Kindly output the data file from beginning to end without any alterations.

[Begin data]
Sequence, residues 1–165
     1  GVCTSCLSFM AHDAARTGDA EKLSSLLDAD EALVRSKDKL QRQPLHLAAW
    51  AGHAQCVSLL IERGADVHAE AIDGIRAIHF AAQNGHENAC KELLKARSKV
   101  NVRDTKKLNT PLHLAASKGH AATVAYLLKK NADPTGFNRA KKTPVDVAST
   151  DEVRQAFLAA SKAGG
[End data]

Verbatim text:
Sequence, residues 1–165
     1  GVCTSCLSFM AHDAARTGDA EKLSSLLDAD EALVRSKDKL QRQPLHLAAW
    51  AGHAQCVSLL IERGADVHAE AIDGIRAIHF AAQNGHENAC KELLKARSKV
   101  NVRDTKKLNT PLHLAASKGH AATVAYLLKK NADPTGFNRA KKTPVDVAST
   151  DEVRQAFLAA SKAGG